Everything You Want to Know About Glucosamine For Dogs

Many of us take glucosamine daily for joint health, but is it safe to give your dog the same glucosamine to aid in their joint health? It is important to understand what is in the supplement and how these additives can react with your pet before trying to give them some of your daily supplement.

Some brands use sweeteners or added sugars in their glucosamine that can have a bad reaction with your dog. While typically not serious, these side effects can be unpleasant for your dog. Luckily, they are avoidable so you do not need to worry so long as you are purchasing the right product.

A great example of a human supplement that should not be given to dogs is the GNC TriFlex chocolate flavored glucosamine supplement. As you likely know, chocolate is toxic to dogs and therefore should not be given to them.

What Is Glucosamine

Glucosamine is a crystalline compound which occurs widely in connective tissue, especially as a component of chitin. It is commonly taken in a synthesized form to relieve arthritis pain. Many people, including professional athletes, rely on glucosamine to reduce inflammation and joint pain.

The glucosamine compound has been shown to help restore the cartilage in joints which leads to a reduction in joint pain. Depending on your pets’ diet, a glucosamine supplement can help them reduce their risk of arthritis and joint pain.

This supplement can be given to both treat and prevent injuries. The most common way of ingesting glucosamine is orally, but there are also salves that can be rubbed on the affected area.

For dogs, the chewable glucosamine supplement is typically the best way to get your dog to eat it. These chewable come in a variety of pet friendly flavors like Bacon and Cheese. Rather than trying to shove a pill down your dog’s throat, make it pleasant for both of you and give them a treat they will love and benefit from.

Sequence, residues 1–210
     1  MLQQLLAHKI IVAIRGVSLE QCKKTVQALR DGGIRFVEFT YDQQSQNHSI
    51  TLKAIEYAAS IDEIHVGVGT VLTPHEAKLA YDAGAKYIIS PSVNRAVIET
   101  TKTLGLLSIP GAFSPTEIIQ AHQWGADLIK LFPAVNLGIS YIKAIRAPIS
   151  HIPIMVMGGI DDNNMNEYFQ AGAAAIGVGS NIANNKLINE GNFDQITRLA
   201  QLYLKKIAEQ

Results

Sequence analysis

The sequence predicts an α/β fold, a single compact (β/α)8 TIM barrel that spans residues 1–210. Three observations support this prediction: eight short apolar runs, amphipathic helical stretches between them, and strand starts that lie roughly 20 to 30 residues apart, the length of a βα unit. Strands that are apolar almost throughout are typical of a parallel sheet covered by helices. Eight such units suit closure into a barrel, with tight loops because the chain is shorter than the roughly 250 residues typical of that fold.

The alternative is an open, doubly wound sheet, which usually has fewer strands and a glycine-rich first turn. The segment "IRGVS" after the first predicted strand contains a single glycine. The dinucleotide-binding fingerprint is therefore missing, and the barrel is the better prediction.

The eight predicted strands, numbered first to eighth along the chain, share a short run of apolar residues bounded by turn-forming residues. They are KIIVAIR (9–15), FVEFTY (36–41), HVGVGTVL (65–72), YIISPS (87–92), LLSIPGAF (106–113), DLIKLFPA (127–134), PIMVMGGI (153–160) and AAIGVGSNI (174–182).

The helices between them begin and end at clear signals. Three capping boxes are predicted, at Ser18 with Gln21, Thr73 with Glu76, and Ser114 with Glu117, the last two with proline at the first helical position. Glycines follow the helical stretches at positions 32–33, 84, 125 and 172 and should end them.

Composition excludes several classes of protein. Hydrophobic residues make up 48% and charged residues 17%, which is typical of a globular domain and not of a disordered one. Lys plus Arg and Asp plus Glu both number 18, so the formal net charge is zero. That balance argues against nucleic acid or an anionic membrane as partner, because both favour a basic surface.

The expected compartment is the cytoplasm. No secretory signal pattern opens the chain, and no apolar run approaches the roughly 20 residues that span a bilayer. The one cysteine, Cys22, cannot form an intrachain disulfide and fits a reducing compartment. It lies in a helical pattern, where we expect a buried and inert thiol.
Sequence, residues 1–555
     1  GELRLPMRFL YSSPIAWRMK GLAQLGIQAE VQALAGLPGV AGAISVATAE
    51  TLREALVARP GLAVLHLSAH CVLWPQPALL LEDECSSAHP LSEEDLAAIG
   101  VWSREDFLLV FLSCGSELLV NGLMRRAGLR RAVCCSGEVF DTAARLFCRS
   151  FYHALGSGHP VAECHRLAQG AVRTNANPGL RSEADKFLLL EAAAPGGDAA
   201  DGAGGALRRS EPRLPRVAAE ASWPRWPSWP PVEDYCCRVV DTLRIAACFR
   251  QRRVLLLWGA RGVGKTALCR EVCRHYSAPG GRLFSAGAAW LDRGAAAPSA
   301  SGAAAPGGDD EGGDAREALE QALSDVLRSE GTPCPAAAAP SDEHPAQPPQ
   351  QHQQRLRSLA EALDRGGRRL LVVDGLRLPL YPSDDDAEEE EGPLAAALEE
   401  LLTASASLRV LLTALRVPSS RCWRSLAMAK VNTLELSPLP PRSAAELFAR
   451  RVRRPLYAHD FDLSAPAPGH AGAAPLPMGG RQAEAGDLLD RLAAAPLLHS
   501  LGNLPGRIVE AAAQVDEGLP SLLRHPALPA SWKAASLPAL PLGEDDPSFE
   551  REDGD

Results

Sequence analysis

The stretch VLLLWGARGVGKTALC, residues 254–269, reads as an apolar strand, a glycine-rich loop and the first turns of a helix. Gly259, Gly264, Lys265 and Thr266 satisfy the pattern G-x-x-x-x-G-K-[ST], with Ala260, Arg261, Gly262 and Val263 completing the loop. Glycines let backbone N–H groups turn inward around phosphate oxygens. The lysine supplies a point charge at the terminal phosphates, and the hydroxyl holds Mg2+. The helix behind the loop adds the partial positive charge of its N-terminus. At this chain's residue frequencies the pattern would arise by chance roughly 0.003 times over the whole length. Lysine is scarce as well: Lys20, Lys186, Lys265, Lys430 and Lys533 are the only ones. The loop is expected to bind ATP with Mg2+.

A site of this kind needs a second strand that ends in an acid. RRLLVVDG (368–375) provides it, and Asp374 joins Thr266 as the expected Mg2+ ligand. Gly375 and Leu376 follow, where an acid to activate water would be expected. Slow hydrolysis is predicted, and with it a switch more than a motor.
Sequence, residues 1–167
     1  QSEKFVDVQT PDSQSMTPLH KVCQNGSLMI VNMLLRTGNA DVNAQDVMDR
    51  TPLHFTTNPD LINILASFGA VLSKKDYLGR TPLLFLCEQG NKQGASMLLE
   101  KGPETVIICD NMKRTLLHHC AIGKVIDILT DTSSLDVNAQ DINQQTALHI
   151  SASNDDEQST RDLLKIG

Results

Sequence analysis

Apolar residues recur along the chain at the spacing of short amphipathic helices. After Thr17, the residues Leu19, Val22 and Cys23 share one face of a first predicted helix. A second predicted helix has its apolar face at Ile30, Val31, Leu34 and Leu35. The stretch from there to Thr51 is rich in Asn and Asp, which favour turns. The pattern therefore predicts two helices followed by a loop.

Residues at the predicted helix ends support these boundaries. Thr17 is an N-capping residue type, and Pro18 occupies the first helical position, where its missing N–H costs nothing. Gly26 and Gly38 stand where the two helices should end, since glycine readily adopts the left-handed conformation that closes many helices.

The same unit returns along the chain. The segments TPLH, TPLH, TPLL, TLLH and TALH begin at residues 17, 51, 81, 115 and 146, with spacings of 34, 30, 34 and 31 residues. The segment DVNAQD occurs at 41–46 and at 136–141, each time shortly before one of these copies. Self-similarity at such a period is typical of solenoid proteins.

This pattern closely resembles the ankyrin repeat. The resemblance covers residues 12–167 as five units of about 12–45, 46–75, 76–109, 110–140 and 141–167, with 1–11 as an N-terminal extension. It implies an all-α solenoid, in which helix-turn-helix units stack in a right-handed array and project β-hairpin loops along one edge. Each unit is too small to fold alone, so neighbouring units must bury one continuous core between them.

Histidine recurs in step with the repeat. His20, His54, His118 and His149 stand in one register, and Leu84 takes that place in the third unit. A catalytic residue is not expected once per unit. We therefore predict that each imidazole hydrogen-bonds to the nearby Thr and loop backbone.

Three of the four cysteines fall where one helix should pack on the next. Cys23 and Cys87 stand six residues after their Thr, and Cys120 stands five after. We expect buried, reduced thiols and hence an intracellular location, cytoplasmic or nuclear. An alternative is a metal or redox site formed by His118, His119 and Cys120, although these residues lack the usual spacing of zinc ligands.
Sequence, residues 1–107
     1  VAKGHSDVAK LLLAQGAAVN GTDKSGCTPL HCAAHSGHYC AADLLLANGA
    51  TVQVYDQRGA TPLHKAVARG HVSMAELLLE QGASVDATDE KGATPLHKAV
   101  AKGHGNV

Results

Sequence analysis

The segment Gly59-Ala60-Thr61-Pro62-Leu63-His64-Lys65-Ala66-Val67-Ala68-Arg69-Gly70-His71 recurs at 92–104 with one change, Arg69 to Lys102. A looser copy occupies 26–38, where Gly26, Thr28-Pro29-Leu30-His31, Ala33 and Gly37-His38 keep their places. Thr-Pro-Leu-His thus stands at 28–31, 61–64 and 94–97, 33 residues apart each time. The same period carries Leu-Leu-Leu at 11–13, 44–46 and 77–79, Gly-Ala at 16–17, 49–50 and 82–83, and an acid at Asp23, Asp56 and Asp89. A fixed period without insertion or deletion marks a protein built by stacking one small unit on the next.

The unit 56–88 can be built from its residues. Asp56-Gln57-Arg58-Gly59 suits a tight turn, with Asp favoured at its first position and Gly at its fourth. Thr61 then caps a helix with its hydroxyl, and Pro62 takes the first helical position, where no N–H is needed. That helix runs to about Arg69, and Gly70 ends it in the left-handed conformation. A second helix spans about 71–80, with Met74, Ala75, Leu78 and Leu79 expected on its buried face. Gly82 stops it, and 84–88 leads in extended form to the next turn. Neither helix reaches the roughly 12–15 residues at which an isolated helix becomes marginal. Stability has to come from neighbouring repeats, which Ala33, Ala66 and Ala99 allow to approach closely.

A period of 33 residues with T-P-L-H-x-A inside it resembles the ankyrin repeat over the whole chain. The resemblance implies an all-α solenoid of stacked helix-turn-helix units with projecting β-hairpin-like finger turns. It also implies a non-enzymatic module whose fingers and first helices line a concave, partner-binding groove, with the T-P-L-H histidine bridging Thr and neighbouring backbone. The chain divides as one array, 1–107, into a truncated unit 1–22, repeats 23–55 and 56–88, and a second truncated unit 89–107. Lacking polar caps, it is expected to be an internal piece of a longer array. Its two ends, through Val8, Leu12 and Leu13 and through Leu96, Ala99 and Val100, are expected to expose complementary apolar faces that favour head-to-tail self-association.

Dogs have an excellent sense of smell and taste. The moment you try to give them something unfamiliar or bad smelling – like glucosamine – they will resist and make it tough to consistently give them their supplement. Furthermore, a dog’s digestive tract is much shorter than a humans. This means that those same dissolvable pills you take, will not be have time to dissolve and be absorbed into your pets’ body.

Other Options for Joint Pain

With the recent revision to the farm bill that de-criminalizes hemp and allows for mass production, farmers and brands are scaling their hemp product to a level never been seen before. With this massive increase in new product, scientists can now have unlimited access to researching benefits that can come from the hemp plants.

A recent re-discovery of cannabidiol or CBD oil has shown to have amazing positive effects on reducing joint pain and inflammation. While CBD was first discovered in the early 60’s, cannabis and hemp have been illegal for sale in the United States until recently in January 2019.

With the passing of Federal legislation legalizing CBD, many scientists are finding ways to extract pure CBD oil for use as a daily supplement.

Because CBD is non-toxic and non-psychoactive, it can be taken regularly and without the worry of overdosing or “getting high”. It is also a great source of Omega 3 fatty acids which is making it a top contender against fish oils.

As people become used to having a hemp-based product in their homes, we will be likely to see more families using CBD oils for themselves as well as for their pets. You can read more about what CBD oil is on our previous post here. You can also checkout the comparison between CBD oil and Fish Oils here.

When it comes to choosing between glucosamine and CBD oils for dogs, it comes down to what your vet thinks will be the most effective for prevention or treatment of your dog’s specific ailment. When starting a new supplement, be sure to start with a small dose so not to cause an upset stomach.

This article is not meant to diagnose, treat or offer cures to any illness. It is written as an opinion on a topic and not as a medical recommendation. These statements have not been reviewed by the FDA for accuracy.

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